Looking to discover a personalised, forward-thinking education?
The deadline to apply for Year 7 is Friday 15 December 2023. The Assessment & Interview Morning takes place Saturday 13 Jan 2024.
60 acres of land across Stamford
Within our grounds we have two swimming pools, a wide range of playing fields, two sports centres, three floodlit astroturf pitches, as well as a dance studio, cricket nets and pavilion, and various courts for racket sports.
Looking after the grounds at Stamford goes beyond maintaining classic stripy lawns, cricket pitches and our 60 acres of sports fields. The Grounds Teams continue to work to support nature and improve the range of opportunities for wildlife to thrive around the sites; and it’s time to celebrate our mini nature reserves.
There isn’t much Bob Carder (Head of Grounds) does not know about sports pitches. He and his team are responsible for some of the most striking parts of the Schools, year in, year out. But what most people do not know about Bob, is that he has a huge amount of knowledge and interest in nature.
Richard Taylor (Gardens Supervisor) has a great passion for wildlife and nature, as well as a great deal of knowledge about which plants are of most benefit to the natural world around us, leading to many of the beds around the Schools being replanted, with more useful plants for wildlife.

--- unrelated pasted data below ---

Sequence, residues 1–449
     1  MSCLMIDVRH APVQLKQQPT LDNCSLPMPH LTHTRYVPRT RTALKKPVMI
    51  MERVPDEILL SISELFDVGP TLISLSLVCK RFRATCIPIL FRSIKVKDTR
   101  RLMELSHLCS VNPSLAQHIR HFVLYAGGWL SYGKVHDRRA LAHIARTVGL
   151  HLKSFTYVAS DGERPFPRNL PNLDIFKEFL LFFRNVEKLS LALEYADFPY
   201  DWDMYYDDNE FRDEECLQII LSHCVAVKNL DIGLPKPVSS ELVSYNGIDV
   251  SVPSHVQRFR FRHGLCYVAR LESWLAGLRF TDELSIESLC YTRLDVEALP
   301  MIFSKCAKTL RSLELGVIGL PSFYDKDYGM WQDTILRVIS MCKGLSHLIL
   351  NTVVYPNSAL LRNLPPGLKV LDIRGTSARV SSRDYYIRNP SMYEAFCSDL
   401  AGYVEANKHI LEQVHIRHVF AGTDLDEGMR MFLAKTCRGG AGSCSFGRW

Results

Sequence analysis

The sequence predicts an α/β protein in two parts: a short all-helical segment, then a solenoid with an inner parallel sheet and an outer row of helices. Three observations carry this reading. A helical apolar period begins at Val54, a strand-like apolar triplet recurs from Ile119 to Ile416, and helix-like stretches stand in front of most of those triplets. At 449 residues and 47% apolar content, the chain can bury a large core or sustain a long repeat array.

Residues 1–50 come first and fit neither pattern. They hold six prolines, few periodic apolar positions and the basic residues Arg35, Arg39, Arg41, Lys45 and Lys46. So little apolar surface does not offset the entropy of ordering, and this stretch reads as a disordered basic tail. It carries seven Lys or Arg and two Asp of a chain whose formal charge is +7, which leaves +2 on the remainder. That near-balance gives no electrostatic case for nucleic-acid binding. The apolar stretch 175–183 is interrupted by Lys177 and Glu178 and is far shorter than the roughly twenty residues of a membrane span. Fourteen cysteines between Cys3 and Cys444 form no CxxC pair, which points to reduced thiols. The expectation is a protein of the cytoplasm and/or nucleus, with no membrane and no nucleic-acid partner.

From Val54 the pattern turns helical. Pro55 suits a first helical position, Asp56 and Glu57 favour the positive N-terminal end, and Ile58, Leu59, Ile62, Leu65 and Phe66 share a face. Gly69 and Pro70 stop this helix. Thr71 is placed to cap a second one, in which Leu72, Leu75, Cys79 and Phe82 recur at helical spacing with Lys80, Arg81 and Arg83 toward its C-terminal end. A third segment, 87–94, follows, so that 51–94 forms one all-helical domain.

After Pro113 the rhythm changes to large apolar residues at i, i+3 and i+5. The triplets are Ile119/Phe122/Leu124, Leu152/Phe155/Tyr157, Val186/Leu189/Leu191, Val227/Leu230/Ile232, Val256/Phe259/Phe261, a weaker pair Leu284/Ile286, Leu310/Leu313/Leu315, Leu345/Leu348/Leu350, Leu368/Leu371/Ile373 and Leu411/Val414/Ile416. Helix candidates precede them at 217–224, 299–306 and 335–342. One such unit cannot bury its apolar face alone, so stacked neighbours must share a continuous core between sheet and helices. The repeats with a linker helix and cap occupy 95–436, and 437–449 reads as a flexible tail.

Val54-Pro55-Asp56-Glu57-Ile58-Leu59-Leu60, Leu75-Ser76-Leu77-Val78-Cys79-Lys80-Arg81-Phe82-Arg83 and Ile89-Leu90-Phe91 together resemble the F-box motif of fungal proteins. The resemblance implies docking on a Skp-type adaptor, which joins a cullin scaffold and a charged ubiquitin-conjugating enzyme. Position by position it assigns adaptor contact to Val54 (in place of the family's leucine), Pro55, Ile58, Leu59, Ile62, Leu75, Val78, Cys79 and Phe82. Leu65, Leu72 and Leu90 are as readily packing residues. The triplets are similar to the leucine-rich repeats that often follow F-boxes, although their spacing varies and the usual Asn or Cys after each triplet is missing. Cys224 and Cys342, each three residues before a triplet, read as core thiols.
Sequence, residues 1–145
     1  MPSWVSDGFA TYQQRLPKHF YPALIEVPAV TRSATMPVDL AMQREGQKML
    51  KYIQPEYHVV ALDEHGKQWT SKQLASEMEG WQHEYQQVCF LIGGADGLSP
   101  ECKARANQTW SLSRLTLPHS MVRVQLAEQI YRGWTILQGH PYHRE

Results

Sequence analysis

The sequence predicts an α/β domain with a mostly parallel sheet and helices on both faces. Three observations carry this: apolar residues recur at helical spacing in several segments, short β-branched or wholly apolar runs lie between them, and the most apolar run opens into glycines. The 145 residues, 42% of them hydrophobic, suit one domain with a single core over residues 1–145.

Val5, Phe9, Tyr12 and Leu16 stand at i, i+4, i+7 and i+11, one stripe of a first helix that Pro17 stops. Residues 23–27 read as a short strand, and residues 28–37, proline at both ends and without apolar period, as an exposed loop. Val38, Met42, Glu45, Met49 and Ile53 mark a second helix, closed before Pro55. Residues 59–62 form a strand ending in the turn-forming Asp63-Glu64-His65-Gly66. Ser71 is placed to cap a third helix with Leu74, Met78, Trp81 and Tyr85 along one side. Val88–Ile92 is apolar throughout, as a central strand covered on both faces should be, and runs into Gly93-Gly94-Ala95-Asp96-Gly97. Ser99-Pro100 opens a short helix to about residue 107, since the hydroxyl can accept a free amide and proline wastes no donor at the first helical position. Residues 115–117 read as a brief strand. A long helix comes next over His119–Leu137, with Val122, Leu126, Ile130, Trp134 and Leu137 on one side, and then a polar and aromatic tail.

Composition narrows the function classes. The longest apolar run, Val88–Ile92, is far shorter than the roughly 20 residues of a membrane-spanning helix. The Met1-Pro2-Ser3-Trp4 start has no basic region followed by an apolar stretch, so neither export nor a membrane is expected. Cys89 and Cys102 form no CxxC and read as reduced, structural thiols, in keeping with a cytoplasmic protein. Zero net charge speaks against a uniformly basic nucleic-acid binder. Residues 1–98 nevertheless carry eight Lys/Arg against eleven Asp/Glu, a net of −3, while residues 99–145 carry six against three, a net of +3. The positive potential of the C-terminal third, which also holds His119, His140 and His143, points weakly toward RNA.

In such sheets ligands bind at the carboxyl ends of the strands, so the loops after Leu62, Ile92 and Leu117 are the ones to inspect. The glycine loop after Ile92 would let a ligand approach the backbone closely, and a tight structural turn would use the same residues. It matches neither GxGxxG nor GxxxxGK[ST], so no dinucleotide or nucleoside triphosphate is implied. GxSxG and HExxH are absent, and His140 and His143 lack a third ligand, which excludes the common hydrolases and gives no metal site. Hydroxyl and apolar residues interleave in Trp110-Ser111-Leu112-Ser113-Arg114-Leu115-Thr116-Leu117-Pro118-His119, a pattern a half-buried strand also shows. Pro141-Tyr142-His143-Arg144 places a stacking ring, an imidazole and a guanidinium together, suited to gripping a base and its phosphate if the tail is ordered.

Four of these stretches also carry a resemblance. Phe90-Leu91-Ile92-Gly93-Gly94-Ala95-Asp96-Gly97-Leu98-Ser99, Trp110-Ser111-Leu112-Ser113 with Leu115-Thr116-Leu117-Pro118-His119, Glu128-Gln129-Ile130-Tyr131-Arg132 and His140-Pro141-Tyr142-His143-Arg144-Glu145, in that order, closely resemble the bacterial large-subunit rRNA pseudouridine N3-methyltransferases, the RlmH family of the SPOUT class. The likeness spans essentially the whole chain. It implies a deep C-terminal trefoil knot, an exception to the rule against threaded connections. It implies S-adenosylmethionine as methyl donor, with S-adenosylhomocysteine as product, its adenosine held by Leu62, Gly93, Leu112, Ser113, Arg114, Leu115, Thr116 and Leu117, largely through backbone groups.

Many different bird boxes have been set up around the Schools, including an owl box at Stamford Junior School. In addition there are bat boxes and solitary bee houses, as well. Log piles have been created in the outdoor area at SJS and mounds have been created in the site behind the old swimming pool to provide a habitat for mammals and other creatures.
Whilst not every part of the Schools can be a permanent home for nature, allowing certain areas to grow up for certain periods of the year can be extremely beneficial. For example, the Grounds Team may deliberately not mow a bank for a few months in the summer to allow the flowers to come through and provide habitats for insects, which in turn provides food for birds. Equally, the gardeners may leave some of the plants in a border standing over the winter, so that insects can shelter in the hollow stems. They will then be trimmed back in the spring as the new growth arrives.